Most Jewish tombstones from Zoar (Zoora) carry Aramaic inscriptions painted in red ochre (see above). These gravestone epitaphs give the name of the deceased, followed by the date of death and conclude with expressions of peace.
Amid the desolate, rocky wasteland of Biblical Zoar (ancient Zoora) along the southeastern shore of the Dead Sea, Konstantinos Politis and others have discovered hundreds of remarkable tombstones that preserve detailed portraits of life—and death—among the Christians and Jews who once dwelled there (see also “Ancient World’s Largest Cemetery Identified at Biblical Zoar”). The often brightly colored and intricately decorated stones are a treasure trove of information about these two communities during the fourth to sixth centuries C.E. when Zoar (then known as Zoara or Zoora) was the seat of a major Christian bishopric and also home to a significant Jewish population.
In “Tales from Tombstones” in the March/April 2012 issue of Biblical Archaeology Review, two scholars expert in interpreting the gravestone epitaphs and iconography—Professor Steven Fine and Kalliope I. Kritikakou-Nikolaropoulou—provide separate discussions of the Christian and Jewish tombstones of Zoora.
According to Fine, the Jewish tombstones from Zoora typically feature Jewish Aramaic inscriptions painted in red ochre surrounded by a decorative border. The gravestone epitaphs give the name of the deceased, followed by the day, month and year of death and then conclude with expressions of peace unto Israel. The painted texts of the Jewish tombstones are often accompanied by stylized depictions of common Jewish symbols, such as the seven-branched menorah.
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This Christian tombstone, colorfully decorated with deeply carved, green-and-red-painted symbols, belonged to Gorgonios, son of Claudius, a 55-year-old subdeacon of Zoora.
In addition, the Jewish tombstones provide important insight into the makeup of the Jewish community of Byzantine Zoora. From the gravestone epitaphs, we learn that Zoora had rabbis, priests and Levites, and that most Jews had common Biblical names like Jacob, Saul and Esther. Likewise, we learn that date of death on Jewish tombstones was most often reckoned by the number of years since the Roman destruction of the Temple (70 C.E.).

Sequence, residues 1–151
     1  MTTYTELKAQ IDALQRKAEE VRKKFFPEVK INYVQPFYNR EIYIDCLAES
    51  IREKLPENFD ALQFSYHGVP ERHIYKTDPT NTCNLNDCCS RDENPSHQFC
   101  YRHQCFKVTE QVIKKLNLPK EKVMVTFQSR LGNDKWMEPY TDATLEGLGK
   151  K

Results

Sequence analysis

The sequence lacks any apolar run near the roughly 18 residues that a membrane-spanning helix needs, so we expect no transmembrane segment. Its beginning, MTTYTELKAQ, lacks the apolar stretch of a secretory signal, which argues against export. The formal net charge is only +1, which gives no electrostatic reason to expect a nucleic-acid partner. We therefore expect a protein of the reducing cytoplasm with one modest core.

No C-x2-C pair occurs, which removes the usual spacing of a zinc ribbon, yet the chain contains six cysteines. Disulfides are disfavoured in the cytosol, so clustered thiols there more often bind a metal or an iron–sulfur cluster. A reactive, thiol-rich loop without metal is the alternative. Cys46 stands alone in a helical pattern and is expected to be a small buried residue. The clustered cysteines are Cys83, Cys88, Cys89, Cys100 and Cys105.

As discussed by Kritikakou-Nikolaropoulou, more than 400 Christian tombstones have been discovered in Zoora, almost all of which are inscribed in Greek. The gravestone epitaphs of the Christians of Zoora typically include several lines of incised text that give the name of the deceased, their age, followed by the exact date of death. The majority of the tombstones are colorfully decorated with common Christian symbols, such as the cross, birds, fish and palm branches.
As with the Jewish tombstones, the gravestone epitaphs reveal much about the Christian community of Zoora. In addition to providing the names of local Christians, the gravestone epitaphs furnish a nearly complete list of local church officials, from deacons and subdeacons to presbyters and bishops. Similarly, we find the year of death reckoned according to the number of years since Trajan’s establishment of the province of Arabia (106 C.E.).
To continue learning about Zoora’s Christian and Jewish tombstones, read the articles of Steven Fine and Kalliope I. Kritikakou-Nikolaropoulou in “Tales from Tombstones,” Biblical Archaeology Review, March/April 2012.